Sept 20 (Reuters) – Standard and Poor's downgraded its unsolicited ratings on Italy by one notch to A/A-1 and kept its outlook on negative, a major surprise that threatens to add to concerns of contagion in the debt-stressed euro zone.
The single currency skidded over half a cent to $1.3606 after S&P said the cut reflected its view of Italy's weakening economic growth prospects.
Italy's fragile governing coalition and policy differences within parliament will likely limit the government's ability to respond decisively to the challenging domestic and external macroeconomic environment, the agency said.
"In our opinion, the measures included in and the implementation timeline of Italy's National Reform Plan will likely do little to boost Italy's economic performance, particularly against the backdrop of tightening financial conditions and the government's fiscal austerity program," said S&P.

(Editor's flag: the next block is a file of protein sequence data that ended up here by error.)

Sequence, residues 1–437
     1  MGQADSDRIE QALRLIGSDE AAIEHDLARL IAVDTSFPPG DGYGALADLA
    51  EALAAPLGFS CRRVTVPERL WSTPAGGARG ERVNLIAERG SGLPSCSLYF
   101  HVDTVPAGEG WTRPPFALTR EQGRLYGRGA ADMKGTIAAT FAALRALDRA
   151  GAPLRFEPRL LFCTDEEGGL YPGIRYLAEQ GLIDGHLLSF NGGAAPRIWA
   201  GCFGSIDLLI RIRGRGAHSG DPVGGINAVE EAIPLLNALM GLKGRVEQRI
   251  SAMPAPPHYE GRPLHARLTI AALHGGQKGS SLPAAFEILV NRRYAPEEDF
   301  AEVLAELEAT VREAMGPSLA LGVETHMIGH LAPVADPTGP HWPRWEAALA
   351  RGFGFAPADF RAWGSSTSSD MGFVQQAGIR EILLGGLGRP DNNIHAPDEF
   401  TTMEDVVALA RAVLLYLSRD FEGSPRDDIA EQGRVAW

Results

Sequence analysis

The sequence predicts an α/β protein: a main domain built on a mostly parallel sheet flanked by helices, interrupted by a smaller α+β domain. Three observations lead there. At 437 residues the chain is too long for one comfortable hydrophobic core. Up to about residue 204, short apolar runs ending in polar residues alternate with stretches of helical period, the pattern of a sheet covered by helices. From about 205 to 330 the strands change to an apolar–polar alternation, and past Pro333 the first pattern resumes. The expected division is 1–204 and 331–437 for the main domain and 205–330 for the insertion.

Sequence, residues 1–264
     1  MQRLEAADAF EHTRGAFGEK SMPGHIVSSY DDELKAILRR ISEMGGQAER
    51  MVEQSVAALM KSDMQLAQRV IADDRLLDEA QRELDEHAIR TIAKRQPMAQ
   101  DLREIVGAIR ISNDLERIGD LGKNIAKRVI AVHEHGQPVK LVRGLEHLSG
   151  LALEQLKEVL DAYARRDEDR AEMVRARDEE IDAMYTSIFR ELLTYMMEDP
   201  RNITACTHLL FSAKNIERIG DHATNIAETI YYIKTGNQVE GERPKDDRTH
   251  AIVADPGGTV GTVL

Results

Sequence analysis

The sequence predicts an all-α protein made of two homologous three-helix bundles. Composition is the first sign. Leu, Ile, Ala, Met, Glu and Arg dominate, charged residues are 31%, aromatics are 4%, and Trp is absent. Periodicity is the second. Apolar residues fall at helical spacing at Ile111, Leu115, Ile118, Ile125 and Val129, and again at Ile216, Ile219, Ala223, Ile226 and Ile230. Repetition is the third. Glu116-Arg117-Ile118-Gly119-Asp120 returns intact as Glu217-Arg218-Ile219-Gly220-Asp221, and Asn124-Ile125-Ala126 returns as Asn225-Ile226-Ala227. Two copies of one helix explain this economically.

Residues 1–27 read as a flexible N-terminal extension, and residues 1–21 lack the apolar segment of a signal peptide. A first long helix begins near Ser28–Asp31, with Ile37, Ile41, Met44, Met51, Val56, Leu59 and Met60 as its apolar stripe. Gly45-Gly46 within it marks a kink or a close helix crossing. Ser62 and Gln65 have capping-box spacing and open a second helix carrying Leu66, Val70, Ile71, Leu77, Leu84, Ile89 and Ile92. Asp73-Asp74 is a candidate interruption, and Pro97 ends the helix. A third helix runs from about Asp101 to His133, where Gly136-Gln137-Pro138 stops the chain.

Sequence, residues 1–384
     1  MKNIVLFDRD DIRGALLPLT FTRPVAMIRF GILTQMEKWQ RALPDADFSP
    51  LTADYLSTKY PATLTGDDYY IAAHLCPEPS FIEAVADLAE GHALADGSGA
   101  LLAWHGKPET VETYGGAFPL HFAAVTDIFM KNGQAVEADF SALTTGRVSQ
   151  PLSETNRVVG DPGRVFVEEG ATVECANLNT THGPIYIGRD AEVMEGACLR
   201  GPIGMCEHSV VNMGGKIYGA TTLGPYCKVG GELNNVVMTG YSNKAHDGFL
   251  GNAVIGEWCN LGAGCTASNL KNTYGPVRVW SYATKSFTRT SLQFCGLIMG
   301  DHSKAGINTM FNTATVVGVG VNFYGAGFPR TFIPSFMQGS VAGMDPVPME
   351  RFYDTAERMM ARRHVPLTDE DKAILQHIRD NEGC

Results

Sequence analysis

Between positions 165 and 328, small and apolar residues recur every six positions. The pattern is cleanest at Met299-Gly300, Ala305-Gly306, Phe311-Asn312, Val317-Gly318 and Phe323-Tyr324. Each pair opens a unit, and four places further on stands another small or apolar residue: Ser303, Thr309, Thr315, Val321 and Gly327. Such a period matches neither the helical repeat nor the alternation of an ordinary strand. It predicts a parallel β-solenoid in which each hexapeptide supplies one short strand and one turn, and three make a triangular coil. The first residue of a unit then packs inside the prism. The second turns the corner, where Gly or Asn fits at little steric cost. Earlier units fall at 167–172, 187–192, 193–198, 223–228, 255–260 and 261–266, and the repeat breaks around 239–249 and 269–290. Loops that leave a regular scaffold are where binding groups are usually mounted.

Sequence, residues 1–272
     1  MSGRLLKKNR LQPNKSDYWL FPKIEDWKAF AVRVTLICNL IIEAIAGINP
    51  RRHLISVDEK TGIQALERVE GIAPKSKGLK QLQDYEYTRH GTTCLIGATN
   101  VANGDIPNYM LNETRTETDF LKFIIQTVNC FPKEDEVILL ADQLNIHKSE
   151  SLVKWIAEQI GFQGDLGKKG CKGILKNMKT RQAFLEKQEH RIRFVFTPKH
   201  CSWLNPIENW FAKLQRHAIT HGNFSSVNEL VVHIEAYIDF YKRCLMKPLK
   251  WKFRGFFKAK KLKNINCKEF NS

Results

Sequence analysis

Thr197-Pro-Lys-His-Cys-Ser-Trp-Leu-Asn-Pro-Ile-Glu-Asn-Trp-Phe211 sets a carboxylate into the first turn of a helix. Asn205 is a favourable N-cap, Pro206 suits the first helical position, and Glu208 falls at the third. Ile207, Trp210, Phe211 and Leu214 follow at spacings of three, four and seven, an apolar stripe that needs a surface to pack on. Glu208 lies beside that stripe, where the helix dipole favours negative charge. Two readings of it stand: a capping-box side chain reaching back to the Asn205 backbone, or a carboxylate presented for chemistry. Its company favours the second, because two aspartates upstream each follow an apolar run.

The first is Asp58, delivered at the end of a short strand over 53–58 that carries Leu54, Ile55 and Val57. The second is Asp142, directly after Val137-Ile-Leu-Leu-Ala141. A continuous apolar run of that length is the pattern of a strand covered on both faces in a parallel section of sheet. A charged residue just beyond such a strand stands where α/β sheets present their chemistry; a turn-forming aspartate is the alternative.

The move from S&P came as a surprise as the market had thought Moody's was more likely to downgrade Italy first. Moody's last week said it would take another month to decide on its action.
The downgrade came as Greece struggles to meet demands from lenders for yet more austerity measures.
"It's just more of the same negative news," said Stephen Roberts, a senior economist at Nomura in Sydney.
"It only adds to the contagion risk over Greece and has encouraged the flight to safety in markets here," he added, pointing to a sharp fall in the Australian dollar on the news.
S&P 500 futures SPc1 also dropped 0.7 percent and early hopes for a bounce in Asian shares on Tuesday looked to be still-born now.
European stocks had already slid on Monday, while yields on Italian and Spanish bonds rose sharply on fears of a Greek default, compounded by the failure of EU finance ministers to agree new steps to resolve Europe's debt crisis at weekend talks.
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